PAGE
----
Wines | Wine Racks

By: Wine Racks  11-11-2011
Keywords: Vineyards, Sauvignon Blanc, fine dining

Archive for 'Wines'

August 4th, 2009 by , under , , , , , , .

Nitida Hand Made Wines

Nitida Hand Made Wines

Our most recent recruits RJ and Getha have both demonstrated true Nitida tenacity in their first year with us. RJ has just returned from a harvest at Chateau Angelus, a Premier Grand Cru Clesse in ST Emilion, France. It sounds like a life-altering experience “everybody lives for wine” and “the food is just fantastic”. On the red wine side, this area specialises (like Durbanville) in Merlot led Bordeaux blends to produce elegant fruit driven styles with only a touch of cabernet. Adding to this “intravenous” learning curve, he had to cope with the consequences of recurring downpours during his first harvest. Despite a hard year, he finds himself head-over-heels in love with Durbanville and with working on a small farm where he can be involved in every aspect of the vineyard and cellar.

Getha has had just as hectic an initiation, running our farm events including a monthly “farmer’s market”, a once-off African cultural circus show, our spring sauvignon blanc festival and hosting a number of duathlons and cycling races. She has fended off the “harvest grumbles”, braved our sopping wet and treacherous dirt roads all winter and even managed to remain fairly relaxed as she sneezed her way through the high pollen counts of spring. After all of this she still declares herself to be happy.

Jacus and Elrina’s children are growing up so quickly. Their Christmas present last year is crawling at high speed and showing keen intent to walk and talk. Liebe is very excited about starting at big school on the farm next year.

Henriette paid a short visit to Southern Africa to see her family and arrange her wedding.

The Vellers have had an “interesting” year and have considered writing “Durbanville does Dallas” if the right publisher appears. Our children have all worked really hard and reaped the rewards they deserve, they are all healthy and remind us daily how lucky we are. If we ever forget this, a beautiful sunset with a glass of Nitida sauvignon blanc in hand is not to be sneezed at.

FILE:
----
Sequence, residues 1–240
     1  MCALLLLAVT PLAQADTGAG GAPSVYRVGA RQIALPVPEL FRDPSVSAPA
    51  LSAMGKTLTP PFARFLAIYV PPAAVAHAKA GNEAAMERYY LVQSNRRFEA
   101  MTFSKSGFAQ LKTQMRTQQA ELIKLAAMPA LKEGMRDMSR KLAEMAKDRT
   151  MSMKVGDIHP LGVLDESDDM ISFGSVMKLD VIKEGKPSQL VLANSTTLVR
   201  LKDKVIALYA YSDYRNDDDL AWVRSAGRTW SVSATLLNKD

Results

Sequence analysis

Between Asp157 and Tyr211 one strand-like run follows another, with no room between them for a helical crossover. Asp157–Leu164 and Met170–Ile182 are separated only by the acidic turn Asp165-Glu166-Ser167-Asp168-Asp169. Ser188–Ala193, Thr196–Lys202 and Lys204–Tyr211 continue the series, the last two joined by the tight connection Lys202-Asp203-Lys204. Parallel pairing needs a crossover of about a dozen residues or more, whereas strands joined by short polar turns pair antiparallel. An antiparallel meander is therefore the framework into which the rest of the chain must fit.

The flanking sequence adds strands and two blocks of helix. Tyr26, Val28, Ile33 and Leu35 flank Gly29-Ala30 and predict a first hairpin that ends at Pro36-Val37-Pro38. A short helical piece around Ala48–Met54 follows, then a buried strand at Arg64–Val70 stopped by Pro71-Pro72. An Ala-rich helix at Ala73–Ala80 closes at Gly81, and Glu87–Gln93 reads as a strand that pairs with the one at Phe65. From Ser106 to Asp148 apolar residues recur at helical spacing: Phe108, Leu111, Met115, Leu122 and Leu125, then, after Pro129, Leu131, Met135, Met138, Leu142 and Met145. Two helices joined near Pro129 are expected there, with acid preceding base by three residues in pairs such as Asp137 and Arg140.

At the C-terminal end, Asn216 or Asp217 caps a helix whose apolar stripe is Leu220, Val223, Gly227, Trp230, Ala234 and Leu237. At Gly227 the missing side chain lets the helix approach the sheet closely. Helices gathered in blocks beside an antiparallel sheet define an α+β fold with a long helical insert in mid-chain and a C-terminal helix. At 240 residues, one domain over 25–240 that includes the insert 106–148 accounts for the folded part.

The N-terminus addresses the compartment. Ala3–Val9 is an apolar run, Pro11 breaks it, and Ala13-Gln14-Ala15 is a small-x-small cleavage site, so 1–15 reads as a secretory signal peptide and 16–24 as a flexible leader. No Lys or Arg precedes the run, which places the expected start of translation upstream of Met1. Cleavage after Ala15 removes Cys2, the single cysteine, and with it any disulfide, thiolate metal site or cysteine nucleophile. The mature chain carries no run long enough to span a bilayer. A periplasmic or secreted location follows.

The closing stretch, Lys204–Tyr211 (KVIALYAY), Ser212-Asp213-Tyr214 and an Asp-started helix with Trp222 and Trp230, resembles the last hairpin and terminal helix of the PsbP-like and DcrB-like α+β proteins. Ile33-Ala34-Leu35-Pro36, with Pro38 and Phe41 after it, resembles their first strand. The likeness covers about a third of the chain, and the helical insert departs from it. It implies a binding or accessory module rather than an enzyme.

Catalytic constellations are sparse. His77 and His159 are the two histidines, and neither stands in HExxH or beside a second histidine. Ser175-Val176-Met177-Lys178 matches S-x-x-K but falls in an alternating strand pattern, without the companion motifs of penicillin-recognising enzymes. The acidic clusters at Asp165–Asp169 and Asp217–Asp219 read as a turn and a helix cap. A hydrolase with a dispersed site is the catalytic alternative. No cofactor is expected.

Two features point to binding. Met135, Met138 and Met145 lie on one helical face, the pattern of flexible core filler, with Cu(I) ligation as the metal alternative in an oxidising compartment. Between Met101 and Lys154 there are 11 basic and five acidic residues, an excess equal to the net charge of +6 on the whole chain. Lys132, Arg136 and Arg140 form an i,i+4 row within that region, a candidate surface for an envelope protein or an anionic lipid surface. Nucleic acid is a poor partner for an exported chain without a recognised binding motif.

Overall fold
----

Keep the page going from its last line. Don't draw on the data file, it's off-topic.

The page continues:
www.woodenwineracks.co.za

August 4th, 2009 by , under , , , , , , .

Durbanville Wine Valley Association

Durbanville Wine Valley Association

Nestled in the Tygerberg Hills, a mere 20 minutes drive from Cape Town, lies the Durbanville Wine Valley. With its hectares of flourishing vineyards, award winning wines and hospitable atmosphere, this wine route is fast becoming the Cape’s destination of choice. The Durbanville Wine Valley consists of nine wineries, each offering the finest in wines, and complemented with some of the best fine dining restaurants and intimate country kitchens in the region.

We are united in our passion to reflect the Durbanville terroir in all our wines. The result is a magnificent range of intense, fruit-driven yet elegant wines, as different from each other as the slopes that create them and the individual personalities who craft them.

www.woodenwineracks.co.za

August 4th, 2009 by , under , , , , , , , .

Swartland Wine Route Western Cape

Swartland Wine Route Western Cape

Close enough to get to, yet far enough to get away….Escape the hustle and bustle of city life and discover one of the wine gems of the country – the Swartland Santam Wine Route.  Located within an hour’s drive from Cape Town, visitors will be enchanted by the warm hospitality, award-winning wines and great cuisine.

The route was established in 1986 and stretches from Paardeberg in the south to the Berg River in the north and encompasses the beautiful Riebeek Valley and the towns of Malmesbury, Piketberg and Porterville.   The Swartland Santam Wine Route is an ideal day trip destination from Cape Town, while tourists heading towards the West Coast, Northern Cape or Namibia along the N7 will also find a detour along the Swartland Wine Route a delightful journey of discovery.

With its rolling hills and sweeping vistas of wheat fields and vineyards, the vastness of the Swartland provides visitors with the opportunity to relax and absorb the essence of this region.
In the Swartland, visitors are welcomed as family and are guaranteed to leave with a story to pass along.

Each producer offers guests a uniquely different experience due to the geographical diversity of the area.  The route currently has a total of 20 members, including co-operatives, private cellars, garagistes and wine merchants.  Explore the winemaking history of the region at some of the historic estates or enjoy exquisite wine experiences at modern tasting rooms. Smaller wineries present intimate wine tastings in rustic cellars, while family concerns dating back generations will welcome visitors with the customary Swartland hospitality.